Mayfair Apartment by HASA Architects

  • Situated in London’s upscale Mayfair neighbourhood, this classic Georgian apartment by HASA Architects is a study in how to fold contemporary layers into the historic, letting them seamlessly co-exist. 

    Landing a spot among  Mayfair’s exclusive eateries and places to stay, the owner of this first floor apartment in a five-story Georgian terrace requested a polite and polished renovation. But this wasn’t your regular apartment update. It required considered restoration in what was classified as a Grade II listed building, which falls under a banner “of special interest, warranting every effort to preserve it”.

    Polite to the original character and polished with contemporary design, HASA Architects have designed two levels for refined living, that focuses on space and light with a series of sensitive insertions. Highlighted by a carefully selected material palette and exceptional attention to detail, this mezzanine apartment is now a distinguished member of the Mayfair crowd.

    When we discuss heritage restoration, we often don’t delve into the special efforts involved. For this Grade II listed building, HASA Architects removed years of paint and restored the original mouldings and cornices, while removing stains from smoke damage and neglect in the existing marble details. So too did HASA repair and clean the timber, including the old timber flooring. Any trace of insensitive additions has been removed, as HASA Architects repaired the principal floor (‘piano nobile’) to reveal the timeless proportion and structure. 

    Taking on a building with such history, HASA Architects responded to the limitations by “taking cues from the fabric and layout to inform and enrich the design”. As the practice affirmed; “We wanted to create a new layer through a series of freestanding volumes that could be reversed with minimal alteration to the existing building fabric,” they said.

    For the HASA Architects team, it was important that this mezzanine intervention didn’t dominate the space, which they ensured through the design’s minimal interventions such as the freestanding joinery and panelling. In this way, “The architectural details have been meticulously restored to reveal the quality of craftsmanship while the new layout allows the original proportions of these fine rooms to be experienced as intended.”

    “The clever design dealt with the narrowness of the existing stairwell by extending entrances to the stairs at either end in plate steel resulting in a sculptural blade-like insertion.”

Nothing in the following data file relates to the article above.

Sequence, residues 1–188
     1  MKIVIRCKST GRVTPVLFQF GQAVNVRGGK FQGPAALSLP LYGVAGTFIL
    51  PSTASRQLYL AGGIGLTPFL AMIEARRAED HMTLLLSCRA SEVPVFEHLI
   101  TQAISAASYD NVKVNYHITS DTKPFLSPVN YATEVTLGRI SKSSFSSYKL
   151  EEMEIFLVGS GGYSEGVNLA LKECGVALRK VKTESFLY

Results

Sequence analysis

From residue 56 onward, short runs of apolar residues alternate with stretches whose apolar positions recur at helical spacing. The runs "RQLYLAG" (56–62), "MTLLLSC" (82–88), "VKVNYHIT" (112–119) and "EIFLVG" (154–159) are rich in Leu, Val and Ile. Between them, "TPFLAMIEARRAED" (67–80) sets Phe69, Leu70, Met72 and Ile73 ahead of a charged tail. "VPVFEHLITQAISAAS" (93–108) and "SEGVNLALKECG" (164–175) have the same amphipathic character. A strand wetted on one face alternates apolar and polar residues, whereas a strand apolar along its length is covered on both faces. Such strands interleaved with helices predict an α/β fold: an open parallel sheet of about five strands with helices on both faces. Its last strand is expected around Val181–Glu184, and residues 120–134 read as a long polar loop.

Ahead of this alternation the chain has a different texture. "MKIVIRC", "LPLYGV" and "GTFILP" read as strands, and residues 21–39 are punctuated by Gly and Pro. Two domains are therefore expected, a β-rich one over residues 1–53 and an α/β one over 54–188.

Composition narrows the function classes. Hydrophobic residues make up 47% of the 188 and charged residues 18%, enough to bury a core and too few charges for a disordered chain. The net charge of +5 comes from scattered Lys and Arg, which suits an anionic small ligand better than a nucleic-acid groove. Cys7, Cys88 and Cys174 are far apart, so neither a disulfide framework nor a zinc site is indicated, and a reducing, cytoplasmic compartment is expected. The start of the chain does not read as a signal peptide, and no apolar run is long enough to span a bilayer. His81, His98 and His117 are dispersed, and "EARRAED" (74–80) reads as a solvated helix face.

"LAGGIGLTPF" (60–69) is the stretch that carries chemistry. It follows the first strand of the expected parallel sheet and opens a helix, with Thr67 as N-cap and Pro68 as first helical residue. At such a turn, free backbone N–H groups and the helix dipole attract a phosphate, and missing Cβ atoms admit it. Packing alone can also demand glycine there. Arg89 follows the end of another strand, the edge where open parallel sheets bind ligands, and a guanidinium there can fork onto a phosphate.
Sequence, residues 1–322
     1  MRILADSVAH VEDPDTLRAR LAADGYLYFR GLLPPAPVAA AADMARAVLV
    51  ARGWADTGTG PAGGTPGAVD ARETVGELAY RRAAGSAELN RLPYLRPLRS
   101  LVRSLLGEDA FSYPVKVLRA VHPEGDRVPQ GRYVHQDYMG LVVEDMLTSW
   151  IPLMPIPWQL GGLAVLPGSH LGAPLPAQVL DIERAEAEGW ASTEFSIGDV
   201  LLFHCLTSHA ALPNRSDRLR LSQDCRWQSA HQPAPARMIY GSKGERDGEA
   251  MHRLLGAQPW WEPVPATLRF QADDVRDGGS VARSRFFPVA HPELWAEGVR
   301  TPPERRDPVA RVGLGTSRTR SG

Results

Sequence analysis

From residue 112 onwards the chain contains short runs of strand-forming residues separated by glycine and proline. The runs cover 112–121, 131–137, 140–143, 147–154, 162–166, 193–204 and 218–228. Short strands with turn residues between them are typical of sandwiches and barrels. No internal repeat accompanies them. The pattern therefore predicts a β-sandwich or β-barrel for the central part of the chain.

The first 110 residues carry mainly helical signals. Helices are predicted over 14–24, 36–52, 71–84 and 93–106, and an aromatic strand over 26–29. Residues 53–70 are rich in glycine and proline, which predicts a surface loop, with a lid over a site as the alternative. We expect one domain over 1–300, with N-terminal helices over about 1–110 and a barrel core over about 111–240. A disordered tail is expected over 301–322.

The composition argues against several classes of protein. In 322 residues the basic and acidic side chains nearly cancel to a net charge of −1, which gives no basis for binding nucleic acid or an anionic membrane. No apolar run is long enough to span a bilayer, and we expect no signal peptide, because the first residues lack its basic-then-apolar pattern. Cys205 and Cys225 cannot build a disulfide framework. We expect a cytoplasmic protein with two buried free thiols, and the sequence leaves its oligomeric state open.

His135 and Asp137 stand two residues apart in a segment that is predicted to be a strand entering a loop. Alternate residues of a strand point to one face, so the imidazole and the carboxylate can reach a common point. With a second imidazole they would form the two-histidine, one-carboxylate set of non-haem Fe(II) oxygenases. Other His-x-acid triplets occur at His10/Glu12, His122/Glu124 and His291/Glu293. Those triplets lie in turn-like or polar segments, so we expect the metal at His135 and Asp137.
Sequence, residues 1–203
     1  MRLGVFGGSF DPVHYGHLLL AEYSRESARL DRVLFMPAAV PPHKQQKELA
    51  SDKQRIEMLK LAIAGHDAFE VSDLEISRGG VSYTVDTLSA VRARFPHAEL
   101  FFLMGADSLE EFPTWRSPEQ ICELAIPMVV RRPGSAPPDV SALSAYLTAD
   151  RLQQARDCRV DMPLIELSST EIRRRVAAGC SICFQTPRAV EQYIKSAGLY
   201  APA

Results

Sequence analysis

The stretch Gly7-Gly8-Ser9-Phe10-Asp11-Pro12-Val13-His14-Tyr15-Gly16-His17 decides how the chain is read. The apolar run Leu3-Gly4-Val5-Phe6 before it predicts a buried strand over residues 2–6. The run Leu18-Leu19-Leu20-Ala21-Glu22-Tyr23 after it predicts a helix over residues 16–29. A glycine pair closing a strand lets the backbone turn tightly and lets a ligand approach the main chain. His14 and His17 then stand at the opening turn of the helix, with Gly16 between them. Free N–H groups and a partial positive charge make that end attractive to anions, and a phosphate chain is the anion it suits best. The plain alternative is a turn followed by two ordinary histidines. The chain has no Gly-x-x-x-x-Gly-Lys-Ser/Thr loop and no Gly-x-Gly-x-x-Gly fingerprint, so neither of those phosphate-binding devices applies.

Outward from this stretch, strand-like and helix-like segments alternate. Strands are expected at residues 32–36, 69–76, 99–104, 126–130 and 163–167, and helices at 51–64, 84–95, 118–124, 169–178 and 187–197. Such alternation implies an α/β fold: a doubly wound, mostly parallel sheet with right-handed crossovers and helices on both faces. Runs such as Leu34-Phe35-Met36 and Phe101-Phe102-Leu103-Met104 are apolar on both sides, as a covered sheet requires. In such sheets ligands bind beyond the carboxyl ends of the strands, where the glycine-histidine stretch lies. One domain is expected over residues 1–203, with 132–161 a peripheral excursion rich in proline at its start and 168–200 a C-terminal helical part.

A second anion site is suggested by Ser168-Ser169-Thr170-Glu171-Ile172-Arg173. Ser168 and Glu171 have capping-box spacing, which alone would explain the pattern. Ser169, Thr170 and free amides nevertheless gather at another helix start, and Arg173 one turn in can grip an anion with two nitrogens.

– HASA Architects

    The new mezzanine floor spans a master bedroom, ensuite and dressing room. The staircase ‘anchors’ the mezzanine to the ground floor, while becoming what HASA Architects call the ‘dramatic centrepiece’ of the abode. Concealed behind a door, the master ensuite is a tribute to natural materials with a carved stone basin that moulds into the wall panelling. The dressing room is also hidden behind the secret door, lined in sycamore veneer.

    The glue in this contemporary renovation and restoration is the choice of materials, finishes and lighting. Choices made on the colour and material palette have been deliberately pared-down, to create a ‘harmonious and soothing’ environment and let space and natural light sing. In particular, natural oak flooring, sycamore veneer panelling, Venetian plaster and Arabescato marble sew the permanent elegant atmosphere into the home.

    Here at est we see the Arabescato marble island as the bonafide jewel of the home. The solid marble block gives ample space to cook but doesn’t interrupt the site lines with its chic, sharp and sculptural presence. Storage is incorporated in the same box fashion, set away from the walls and above the skirting, to let architectural details remain uninterrupted.

    This Mayfair Apartment is all about the art of layering; that is, the layering of materials, colour, distances and junctions of the old and new. Emerging from HASA Architects’ meticulous design work is an apartment where the contemporary and historic communicate fluently, both visually and structurally. 

Leave a Reply

Your email address will not be published. Required fields are marked *

Enquire Now